1vs3 (< 0.001;0.67)
2vs3 (< 0.001;0.81)
2.30 (1.02)
< 0.001
1vs2 (< 0.001;0.50)
1vs3 (0.110;0.24)
2vs3 (< 0.001;0.81)
1.93 (0.79)
< 0.001
1vs2 (0.186;0.21)
1vs3 (< 0.001;0.84)
2vs3 (< 0.001;0.48)
Depression (2)
159 (34.4)
1.76 (1.00)
1.81 (0.96)
2.13 (1.11)
Both (3)
154 (33.3)
2.51 (0.84)
2.52 (0.79)
2.60 (0.81)

### Informativity

Adding an anxiety or depression subdimension to a modified EQ-5D-5L tool increased absolute and relative informativity, as evidenced by the increase in both Shannon indices. EQ-4D-5L + anxiety (H’ = 5.4; J’ = 0.47) and EQ-4D-5L + depression (H’ = 5.31; J’ = 0.46) result in slightly better informativity than EQ-5D-5L (H’ = 5.19; J’ = 0.45). Compared to standard EQ-5D-5L, adding two split dimensions instead of the composite dimension increased both Shannon indices (H’ = 6.39; J’ = 0.46) (Table 5).
Table 5
Discriminatory power of the EQ-5D-5L/ EQ-4D-5L with and without split Anxiety/depression items

Possible health profiles
Health profiles observed (%)
Shannon index (H’)
Shannon Evenness index (J’)
Standard EQ-5D-5L A/D
3,125
3.81
5.19
0.45
Adding one extra item to the EQ-4D-5L (without anxiety/depression)
EQ-4D-5L
625
11.84
3.97
0.43
EQ-4D-5L + Anxiety
3,125
4.13
5.4
0.47
EQ-4D-5L + Depression
3,125
3.97
5.31
0.46
Adding two extra items to the EQ-4D-5L (without anxiety/depression)
EQ-4D-5L + anxiety + depression
15,625
1.2
6.39
0.46

### Qualitative content analysis

The content analysis summarized why respondents preferred the split anxiety and depression subdimensions over the composite EQ-5D-5L A/D. Among the 462 individuals, 163 (35.3%) preferred the composite EQ-5D-5L A/D, whereas 299 (64.7%) preferred the split subdimensions. Respondents provided more than one justification for their preference.
Based on the pattern of occurrence, the reasons were classified into three main categories that described
1.
Understanding of the questions

2.
Relevance to respondents ‘health condition(s); and

3.
Acceptability and perceived cognitive burden of the questions.

### Understanding of the questions

Respondents who preferred the composite EQ-5D-5L A/D question stated that the question was clear (38%), easy to respond to (5%), or straightforward (3%). In addition, respondents considered the composite EQ-5D-5L A/D question to be short and better than the two subdimensions to describe (9%) or explain (3%) their health problems.
Illustrative quote
Both feelings are well represented in the combined question and are easily understandable. The question that combines anxiety and depression describes me well.
Those who preferred the two subdimensions said that they were easier to answer (5%), while 4% of them claimed better clarity and understanding as the reasons for their preference for the split questions.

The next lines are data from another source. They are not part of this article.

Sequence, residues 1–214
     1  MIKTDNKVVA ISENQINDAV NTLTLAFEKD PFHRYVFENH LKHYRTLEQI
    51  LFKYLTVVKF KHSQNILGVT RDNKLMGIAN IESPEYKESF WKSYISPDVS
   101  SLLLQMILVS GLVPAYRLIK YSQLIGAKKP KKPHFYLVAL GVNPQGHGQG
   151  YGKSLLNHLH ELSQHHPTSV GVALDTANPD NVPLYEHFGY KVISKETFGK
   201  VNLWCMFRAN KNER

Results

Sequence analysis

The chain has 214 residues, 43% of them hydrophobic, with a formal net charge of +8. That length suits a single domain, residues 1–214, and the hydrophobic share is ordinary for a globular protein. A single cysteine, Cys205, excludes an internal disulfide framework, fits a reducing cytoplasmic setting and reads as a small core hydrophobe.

Illustrative quote
"Split questions are clearer and simple; therefore, I understand them easily and they also express how I feel today."

### Relevance to respondents’ health conditions

Some respondents preferred the combined questions because of their health conditions. Participants who preferred the composite questions in this category claimed they had both conditions (anxiety and depression). The question that described both conditions in combination was easier to answer than the split subdimension (15%). This group of participants claimed to have anxiety and depression symptoms therefore they preferred the questions that blended these two feelings.
Illustrative quote.
I have both feelings, and it is better to respond in a combined format.
Those, on the other hand, who preferred the split questions felt that the two subdimensions described their health condition in a better and more accurate way (31%). Respondents stated that they felt comfortable when being asked about anxiety or depression (3%) separately. Respondents who preferred the split subdimension, generally, seemed to experience either anxiety, depression but not both, which is why they found the split versions easier to complete.
Illustrative quote
The split anxiety question tells a lot about my health and explains it very well, but depression is not my concern.

### Acceptability and perceived cognitive burden of the questions

Some participants preferred the composite or split question because of cognitive and interview burden. It was difficult for respondents to differentiate between the two conditions, and they were confused and some reported feeling anxious to respond to the split questions. Respondents claimed they were worried about answering the split questions and preferred a combined question as it avoids talking. The split question posed an additional burden of thinking long and hard about it (3%). Some respondents said that the two health conditions have something in common and cannot differentiate the two feelings; therefore, they preferred the composite question, which was easy to comprehend and respond to.
Illustrative quote
When it is decomposed, it is a thought-provoking question; it takes time."

## Discussion

The goal of this study was to gather more evidence on the EQ-5D-5L tool by comparing the psychometric performance of the composite and split versions of the EQ-5D A/D dimension in respondents with anxiety and/or depression in a low-income clinical setting.